Workers in the United States are considered some of the most overworked in the entire world. With millions of people pulling 50 to 70 hour work weeks and unable to unplug when they get home, it’s definitely taking a toll.
Too many Americans experience an overall lower quality of life because of their jobs.
The question is, what can be done to stop this? Unfortunately, this has become the “norm,” with business technology and tasks overtaking all aspects of a person’s life.
Deep breaths. Take a few deep breaths. We have suggestions for restoring some much-needed balance.
Trust us, there are steps you can take to help achieve the work-life balance you desire.
Use different social networks for personal life and work life
If you want to draw a line between your work and personal life, it’s a good idea to start online.
Try to create separate social media pages for personal use and work use. This is extremely beneficial. After all, when you consider the average person spends approximately five years of their total life on social media, having separation can do wonders for your overworked mind.
After all, if you have the same account for personal and work use, you’ll be dealing with and reading about work issues when you’re supposed to be having personal time.
Separate accounts help you avoid this issue altogether.
Don’t check for emails upon waking up
If you’re in the habit of immediately rolling over to check your phone for work-related emails first thing in the morning, that’s a habit you need to bring to a screeching halt. Now.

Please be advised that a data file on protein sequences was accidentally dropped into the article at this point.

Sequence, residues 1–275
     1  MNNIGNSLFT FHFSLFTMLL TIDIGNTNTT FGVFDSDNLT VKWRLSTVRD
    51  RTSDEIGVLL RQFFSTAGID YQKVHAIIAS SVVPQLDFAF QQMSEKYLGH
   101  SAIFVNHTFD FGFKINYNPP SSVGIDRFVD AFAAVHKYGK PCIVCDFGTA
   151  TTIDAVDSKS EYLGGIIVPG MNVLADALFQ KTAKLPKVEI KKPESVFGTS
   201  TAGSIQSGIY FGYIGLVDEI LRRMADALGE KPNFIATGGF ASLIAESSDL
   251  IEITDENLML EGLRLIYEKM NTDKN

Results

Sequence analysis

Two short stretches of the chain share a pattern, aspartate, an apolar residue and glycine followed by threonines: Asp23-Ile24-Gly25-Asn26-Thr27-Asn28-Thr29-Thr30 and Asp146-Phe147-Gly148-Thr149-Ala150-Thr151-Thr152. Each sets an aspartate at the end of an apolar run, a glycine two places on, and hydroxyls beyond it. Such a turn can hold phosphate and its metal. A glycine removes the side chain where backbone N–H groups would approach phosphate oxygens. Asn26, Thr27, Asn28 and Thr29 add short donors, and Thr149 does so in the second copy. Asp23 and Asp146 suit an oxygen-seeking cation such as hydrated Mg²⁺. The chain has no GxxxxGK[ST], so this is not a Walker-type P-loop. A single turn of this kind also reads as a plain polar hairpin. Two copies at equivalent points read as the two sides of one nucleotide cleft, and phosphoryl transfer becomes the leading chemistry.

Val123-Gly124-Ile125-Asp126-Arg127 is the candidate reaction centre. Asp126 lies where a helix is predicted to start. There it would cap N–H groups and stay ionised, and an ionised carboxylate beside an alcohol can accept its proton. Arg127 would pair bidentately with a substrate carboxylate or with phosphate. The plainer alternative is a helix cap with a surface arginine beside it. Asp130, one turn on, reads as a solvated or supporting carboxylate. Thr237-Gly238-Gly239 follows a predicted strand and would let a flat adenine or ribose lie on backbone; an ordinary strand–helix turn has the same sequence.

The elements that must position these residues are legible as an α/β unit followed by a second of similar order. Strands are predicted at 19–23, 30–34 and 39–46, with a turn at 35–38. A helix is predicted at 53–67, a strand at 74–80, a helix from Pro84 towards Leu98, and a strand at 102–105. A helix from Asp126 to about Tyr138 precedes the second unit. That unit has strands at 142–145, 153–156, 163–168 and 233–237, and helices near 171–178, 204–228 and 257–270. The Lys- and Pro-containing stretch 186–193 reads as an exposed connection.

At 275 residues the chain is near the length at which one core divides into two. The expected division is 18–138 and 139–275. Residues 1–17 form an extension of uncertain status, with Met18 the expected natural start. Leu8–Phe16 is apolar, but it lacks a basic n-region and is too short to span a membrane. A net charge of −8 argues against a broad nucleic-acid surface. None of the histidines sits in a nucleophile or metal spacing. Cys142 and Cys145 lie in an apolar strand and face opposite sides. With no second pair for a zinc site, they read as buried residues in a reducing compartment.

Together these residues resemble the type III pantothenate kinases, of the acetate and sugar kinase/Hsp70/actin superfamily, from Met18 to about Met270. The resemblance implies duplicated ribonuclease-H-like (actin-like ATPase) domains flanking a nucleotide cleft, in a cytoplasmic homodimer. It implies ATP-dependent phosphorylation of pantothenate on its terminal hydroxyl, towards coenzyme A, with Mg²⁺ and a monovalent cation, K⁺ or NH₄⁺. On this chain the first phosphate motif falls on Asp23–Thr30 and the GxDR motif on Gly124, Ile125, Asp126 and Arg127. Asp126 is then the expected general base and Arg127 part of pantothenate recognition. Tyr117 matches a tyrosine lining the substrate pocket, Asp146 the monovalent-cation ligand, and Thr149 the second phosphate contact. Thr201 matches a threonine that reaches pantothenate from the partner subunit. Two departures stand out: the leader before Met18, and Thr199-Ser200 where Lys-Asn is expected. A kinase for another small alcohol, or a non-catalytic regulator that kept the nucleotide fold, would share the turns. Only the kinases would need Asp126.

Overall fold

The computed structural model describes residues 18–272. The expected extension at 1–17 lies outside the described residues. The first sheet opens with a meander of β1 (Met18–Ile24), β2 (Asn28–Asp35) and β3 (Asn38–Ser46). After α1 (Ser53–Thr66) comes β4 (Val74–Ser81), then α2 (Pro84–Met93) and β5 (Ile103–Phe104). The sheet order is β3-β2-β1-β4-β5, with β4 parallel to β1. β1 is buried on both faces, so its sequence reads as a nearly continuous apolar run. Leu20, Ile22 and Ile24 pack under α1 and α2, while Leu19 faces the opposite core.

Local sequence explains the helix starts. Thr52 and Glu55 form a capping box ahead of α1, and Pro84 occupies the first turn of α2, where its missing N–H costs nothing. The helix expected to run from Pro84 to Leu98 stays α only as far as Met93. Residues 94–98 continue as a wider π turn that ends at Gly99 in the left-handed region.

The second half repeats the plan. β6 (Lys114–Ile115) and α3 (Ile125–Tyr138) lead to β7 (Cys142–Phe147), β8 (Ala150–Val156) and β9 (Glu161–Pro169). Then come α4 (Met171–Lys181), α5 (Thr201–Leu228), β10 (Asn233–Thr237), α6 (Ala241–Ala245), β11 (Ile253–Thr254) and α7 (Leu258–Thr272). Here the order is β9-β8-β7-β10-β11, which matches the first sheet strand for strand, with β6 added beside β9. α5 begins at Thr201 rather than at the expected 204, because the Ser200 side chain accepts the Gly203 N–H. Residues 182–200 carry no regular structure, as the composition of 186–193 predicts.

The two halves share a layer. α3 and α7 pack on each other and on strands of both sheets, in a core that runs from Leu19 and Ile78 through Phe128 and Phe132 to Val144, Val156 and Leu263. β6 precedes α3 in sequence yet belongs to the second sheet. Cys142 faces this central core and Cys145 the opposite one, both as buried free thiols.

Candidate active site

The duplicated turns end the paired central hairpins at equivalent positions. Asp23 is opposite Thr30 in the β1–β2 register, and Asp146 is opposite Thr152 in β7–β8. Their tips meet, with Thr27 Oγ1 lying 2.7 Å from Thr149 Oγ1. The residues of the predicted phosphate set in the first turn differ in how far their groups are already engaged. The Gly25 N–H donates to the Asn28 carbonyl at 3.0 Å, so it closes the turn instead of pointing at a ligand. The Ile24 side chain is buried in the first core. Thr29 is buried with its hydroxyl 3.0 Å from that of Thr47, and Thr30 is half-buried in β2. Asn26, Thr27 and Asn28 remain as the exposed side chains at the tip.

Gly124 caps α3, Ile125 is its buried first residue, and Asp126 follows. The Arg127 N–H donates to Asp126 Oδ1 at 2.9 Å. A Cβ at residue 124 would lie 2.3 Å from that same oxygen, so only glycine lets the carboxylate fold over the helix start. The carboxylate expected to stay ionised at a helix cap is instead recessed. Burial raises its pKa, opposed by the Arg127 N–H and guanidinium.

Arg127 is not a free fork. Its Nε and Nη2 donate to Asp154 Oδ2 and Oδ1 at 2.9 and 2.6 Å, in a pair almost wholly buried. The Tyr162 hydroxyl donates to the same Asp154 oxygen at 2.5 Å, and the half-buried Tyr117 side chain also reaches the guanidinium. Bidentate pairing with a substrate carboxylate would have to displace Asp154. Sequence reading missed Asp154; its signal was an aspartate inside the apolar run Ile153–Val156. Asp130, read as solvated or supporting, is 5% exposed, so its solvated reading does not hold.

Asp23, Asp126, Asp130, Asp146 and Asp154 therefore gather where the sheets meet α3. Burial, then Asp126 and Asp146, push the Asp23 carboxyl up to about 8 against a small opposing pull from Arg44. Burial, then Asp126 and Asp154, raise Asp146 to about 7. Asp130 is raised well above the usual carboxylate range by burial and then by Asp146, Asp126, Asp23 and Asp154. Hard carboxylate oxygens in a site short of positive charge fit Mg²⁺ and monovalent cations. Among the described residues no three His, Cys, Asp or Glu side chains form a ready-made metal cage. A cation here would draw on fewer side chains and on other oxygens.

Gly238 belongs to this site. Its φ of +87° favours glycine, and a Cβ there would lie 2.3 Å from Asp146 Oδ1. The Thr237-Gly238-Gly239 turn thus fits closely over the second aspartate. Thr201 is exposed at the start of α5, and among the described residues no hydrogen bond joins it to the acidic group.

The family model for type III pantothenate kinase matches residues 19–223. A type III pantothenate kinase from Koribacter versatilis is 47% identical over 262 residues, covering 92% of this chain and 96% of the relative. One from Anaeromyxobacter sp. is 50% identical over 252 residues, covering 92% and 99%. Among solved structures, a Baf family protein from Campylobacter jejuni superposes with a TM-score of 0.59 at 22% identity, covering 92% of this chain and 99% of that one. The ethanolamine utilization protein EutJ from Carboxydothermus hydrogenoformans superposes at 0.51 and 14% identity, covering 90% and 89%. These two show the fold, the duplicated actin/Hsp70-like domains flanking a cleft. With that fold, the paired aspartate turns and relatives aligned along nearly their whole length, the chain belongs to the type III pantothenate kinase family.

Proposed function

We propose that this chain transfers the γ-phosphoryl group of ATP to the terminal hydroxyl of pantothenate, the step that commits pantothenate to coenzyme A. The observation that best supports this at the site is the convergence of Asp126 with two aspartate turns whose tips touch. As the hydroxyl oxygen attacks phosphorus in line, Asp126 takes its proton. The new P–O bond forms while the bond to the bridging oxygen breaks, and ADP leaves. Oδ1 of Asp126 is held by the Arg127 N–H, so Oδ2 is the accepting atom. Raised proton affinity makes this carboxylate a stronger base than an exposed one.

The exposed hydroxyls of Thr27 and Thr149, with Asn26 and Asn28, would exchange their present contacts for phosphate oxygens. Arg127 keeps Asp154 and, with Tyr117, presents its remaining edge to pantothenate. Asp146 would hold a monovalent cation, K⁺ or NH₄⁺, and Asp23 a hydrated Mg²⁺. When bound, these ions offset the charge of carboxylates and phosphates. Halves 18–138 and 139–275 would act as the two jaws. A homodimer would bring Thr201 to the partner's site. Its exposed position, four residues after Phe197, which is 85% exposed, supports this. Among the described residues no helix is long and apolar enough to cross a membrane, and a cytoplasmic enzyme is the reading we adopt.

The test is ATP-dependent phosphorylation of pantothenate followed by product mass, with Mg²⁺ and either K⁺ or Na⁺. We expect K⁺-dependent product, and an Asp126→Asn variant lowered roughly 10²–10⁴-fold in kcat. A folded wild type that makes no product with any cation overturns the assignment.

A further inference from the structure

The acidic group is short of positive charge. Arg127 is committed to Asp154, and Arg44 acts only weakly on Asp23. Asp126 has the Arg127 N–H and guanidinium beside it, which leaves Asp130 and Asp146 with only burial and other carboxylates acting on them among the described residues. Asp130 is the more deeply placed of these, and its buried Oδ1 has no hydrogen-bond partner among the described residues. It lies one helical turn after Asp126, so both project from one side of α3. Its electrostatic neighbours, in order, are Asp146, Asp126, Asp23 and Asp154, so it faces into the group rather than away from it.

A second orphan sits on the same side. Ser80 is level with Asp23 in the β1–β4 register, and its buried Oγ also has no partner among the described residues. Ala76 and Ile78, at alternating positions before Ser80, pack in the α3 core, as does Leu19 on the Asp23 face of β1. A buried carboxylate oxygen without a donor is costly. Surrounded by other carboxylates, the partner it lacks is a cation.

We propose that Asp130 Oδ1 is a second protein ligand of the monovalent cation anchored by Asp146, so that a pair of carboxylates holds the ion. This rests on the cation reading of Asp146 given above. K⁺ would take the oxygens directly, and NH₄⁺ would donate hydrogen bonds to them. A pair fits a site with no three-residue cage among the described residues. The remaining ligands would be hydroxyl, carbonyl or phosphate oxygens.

You may even be doing this unintentionally. For example, you want to check the time, but the notification for a work-related email catches your eye. The next thing you know you’re leaping from the bed, your heart racing, even before you’ve had a chance to stretch.
The solution for this is so simple it’ll probably annoy you.
Buy an alarm clock. Leave your phone in another room. Don’t rely on the alarm clock on your phone to wake you.
Take time to unplug
Modern workers have a 24/7 work culture. However, the notion that business leaders have to be connected every hour of every day of the year is a disaster for balance. Yes, it’s good to be connected. But you also have to take time to unplug and disconnect.
Besides, your business may be your baby, but if you’re a competent leader, you should be able to step away from it for personal time without everything falling apart.
If possible, try to disconnect a few weeks of the year. If you can’t do this consecutively, try to do it throughout the year. Turn off everything. It may seem extreme, but if your staff can get in touch with you, they will.
So just unplug.
One of the best things about unplugging is that it gives you a chance to refresh yourself and come back with a new creative view of things. Even problems that seemed tedious and frustrating before will look different.
And if you’re really worried about things unraveling while you are away, consider using the services of managed IT Services to take over tech-management while you’re unplugged.
Don’t take work tech home
One of the best ways to create the work-life balance you crave is to leave work at work. This means you don’t take home tech that’s related to work. Don’t take your laptop home. Just don’t.
When you leave your laptop at work, it means you won’t be tempted to it them when you’re supposed to be having personal time. If you’re tempted by these items, chances are you’re going to work when you shouldn’t.
So just cut out the temptation.
Have you achieved a work-life balance?
If you want to keep business tech in check and ensure it doesn’t take over your personal life, you have to be willing to put it down. This can be difficult, but we’re talking about improving your quality of life.
It’s that big.
If you’re a business owner, be sure to implement better business practices with your staff—from more efficient processes to plenty of time away from work.